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The Sales Warrior Within | Season 2 Episode 61 – You Want To Sell? Andy Olen Says You Can Do It!
Host: Andy Olen
Learn More About Andy at www.AndyOlen.com
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Many reach out to Andy Olen, asking him, “How do I get into sales?” Further, people who do not have a sales background are often concerned that they can’t be in sales. In reality, the opposite is true. If you want to sell, we’d love to have you. Andy Olen shares his thoughts and perspectives for those of you wanting to break into sales and potentially into medical device sales.
You likely exercise communication, connection, and cooperation skills if you’re in any relationship. Apply those same skills within your sales career.
A fun and motivating episode to gear you up for your journey into sales!
Get in touch with Andy@AndyOlen.com. Andy enjoys engaging with the Sales Warrior Community.
Speaker: Andy Olen
Hello and welcome to the Sales Warrior Within podcast. My name is Andy Olen.
You know, I’ve spent a lot of time recently connecting with and talking to a lot of folks that want to move into medical device sales. And the reason I spend time talking to folks with medical device aspirations is because I used to work in medical device.
I had management responsibilities for global teams. US teams and marketing and sales and general management leadership roles. And so when I go back to sort of home base for me where I probably can add some of the more valuable insights, especially for those folks that want to get into medical device sales, I can speak from a long, long history in that space and a joyful history as well. And what’s really exciting is that there are a lot of people that are wanting to move into sales. specifically into medical device sales. Medical device sales is a fun environment to be in. There are great companies out there, Boston Scientific, Phillips, Medtronic, Abbott Vascular, Striker, you know, you get into all the orthopedic companies, Depuy, they may be a part of a bigger company, actually that may be part of J&J.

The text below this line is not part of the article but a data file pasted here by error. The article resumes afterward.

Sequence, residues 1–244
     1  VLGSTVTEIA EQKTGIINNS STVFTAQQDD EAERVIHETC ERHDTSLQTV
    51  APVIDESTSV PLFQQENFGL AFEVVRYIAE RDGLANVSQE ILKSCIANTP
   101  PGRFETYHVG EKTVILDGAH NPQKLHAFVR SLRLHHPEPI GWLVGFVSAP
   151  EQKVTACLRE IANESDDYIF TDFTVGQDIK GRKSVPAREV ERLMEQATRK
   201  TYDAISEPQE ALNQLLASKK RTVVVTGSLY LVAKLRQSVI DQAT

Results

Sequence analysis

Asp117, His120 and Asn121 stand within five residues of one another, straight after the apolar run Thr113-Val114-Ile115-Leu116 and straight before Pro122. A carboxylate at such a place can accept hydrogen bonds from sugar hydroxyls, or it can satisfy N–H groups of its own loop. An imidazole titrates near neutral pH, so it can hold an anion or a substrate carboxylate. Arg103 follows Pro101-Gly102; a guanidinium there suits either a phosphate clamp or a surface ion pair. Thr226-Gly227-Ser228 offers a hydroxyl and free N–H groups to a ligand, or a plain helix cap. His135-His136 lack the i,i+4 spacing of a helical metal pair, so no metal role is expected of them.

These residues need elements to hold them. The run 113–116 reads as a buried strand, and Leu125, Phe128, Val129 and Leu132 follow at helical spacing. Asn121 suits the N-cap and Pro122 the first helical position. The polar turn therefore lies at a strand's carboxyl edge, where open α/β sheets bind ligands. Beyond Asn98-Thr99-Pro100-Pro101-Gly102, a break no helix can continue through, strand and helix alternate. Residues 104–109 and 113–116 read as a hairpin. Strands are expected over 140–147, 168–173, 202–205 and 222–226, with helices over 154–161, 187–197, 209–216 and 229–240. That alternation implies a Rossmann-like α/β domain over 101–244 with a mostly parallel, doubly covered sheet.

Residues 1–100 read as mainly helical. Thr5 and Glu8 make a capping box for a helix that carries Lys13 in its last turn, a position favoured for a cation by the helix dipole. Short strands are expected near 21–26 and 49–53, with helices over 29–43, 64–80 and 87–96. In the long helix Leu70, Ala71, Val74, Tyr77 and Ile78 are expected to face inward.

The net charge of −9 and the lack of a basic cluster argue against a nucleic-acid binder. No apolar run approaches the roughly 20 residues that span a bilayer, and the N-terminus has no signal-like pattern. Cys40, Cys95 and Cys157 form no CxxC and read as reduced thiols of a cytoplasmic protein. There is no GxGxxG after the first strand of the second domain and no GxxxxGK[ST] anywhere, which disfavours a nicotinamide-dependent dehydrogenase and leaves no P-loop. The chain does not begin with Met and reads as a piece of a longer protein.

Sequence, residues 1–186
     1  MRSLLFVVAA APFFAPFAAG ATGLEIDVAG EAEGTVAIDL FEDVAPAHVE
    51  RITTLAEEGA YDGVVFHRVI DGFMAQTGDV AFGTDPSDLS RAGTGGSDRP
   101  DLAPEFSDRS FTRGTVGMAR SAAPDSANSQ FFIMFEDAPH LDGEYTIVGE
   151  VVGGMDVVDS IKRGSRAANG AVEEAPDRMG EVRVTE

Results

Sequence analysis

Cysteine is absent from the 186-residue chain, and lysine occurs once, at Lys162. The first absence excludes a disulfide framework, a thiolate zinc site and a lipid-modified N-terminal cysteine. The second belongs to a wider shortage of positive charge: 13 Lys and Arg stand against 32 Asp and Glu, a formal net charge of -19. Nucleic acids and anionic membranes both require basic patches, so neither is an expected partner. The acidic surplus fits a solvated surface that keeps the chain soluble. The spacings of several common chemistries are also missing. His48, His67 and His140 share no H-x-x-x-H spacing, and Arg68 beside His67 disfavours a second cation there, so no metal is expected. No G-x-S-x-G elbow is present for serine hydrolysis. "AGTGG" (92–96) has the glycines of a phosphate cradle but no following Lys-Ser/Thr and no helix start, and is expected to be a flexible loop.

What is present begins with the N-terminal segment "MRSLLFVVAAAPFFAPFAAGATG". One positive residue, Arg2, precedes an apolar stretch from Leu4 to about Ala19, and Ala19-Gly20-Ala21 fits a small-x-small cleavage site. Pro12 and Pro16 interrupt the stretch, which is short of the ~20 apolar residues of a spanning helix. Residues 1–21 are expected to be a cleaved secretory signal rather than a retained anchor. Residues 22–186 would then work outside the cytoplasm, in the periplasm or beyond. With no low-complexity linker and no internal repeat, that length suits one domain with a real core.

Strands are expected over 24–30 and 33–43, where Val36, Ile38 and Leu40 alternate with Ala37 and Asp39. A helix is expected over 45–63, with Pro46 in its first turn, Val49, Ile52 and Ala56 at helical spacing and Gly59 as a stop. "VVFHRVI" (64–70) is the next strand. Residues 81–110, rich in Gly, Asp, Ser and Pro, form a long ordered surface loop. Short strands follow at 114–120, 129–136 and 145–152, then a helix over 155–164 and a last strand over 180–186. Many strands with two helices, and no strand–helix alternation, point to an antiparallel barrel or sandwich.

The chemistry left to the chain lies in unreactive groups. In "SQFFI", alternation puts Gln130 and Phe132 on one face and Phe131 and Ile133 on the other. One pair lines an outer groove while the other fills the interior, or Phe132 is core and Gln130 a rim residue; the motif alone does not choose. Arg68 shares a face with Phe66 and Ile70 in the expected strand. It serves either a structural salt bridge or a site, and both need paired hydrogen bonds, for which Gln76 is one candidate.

You know, you get into lab diagnostic companies like Beckman-Coulter and Roche and Abbott as well. There’s just so many different cool companies you can go work for. And they’re all looking for great people. And they’re looking for people that can come in and really make a difference, that can be able to connect with customers, to be able to communicate effectively, to cooperate.
Of course, the skills that I wrote about in the book, the Trilogy of Yes Connection, Communication, Cooperation, three skills that can inspire customers to say yes, just really the three foundational skills that any salesperson needs to get going. trusting connection, if you can be an effective communicator, share messages and insights succinctly. I also think part of communication is being a really good listener as well. And then cooperation, forming that cooperative team with another person, in this case, salesperson and customer coming together to form a cooperative team. That is so powerful. And what I really recommend to people is, hey, think about the relationships that you have in your day-to-day life. Think about friend. friends or family members, significant others, and just sort of inventory what makes those personal relationships so good, what makes them great relationships. And you know what you come back to? There’s a common connection.
There’s similar values within those connections. There’s great communication that goes back and forth, and then a level of cooperation to solve problems together. And so when I talk to people, What I often find is there are a lot of folks that want to get into medical device sales. There are also a lot of people that want to get into sales, but they don’t see themselves as salespeople. And they don’t see themselves not only as not being salespeople, but they don’t have the skills or the ability to get into sales. And what I tell them is stop believing that you can’t do it, rather start believing that you can. And I asked them, are you involved in any relationship of any kind with another human being in your personal life? And if the answer is yes, and we unpack what makes that a good relationship, they quickly realize that they have the foundational skills to be in sales. And so I just want to send a note out and a podcast message out to people here that if you want to be in sales, if you want to be in medical device sales, If you want to be in a high impact role that makes a difference in other people’s lives, then yeah, get into sales, get into it, enjoy it and feel confident that you can do it. And I’ve spoken before on the podcast about why people don’t want to be in sales, they have this idea that it’s sort of a slimy profession. And there are some obstacles that salespeople have to overcome for sure. No customer wants to be sold to.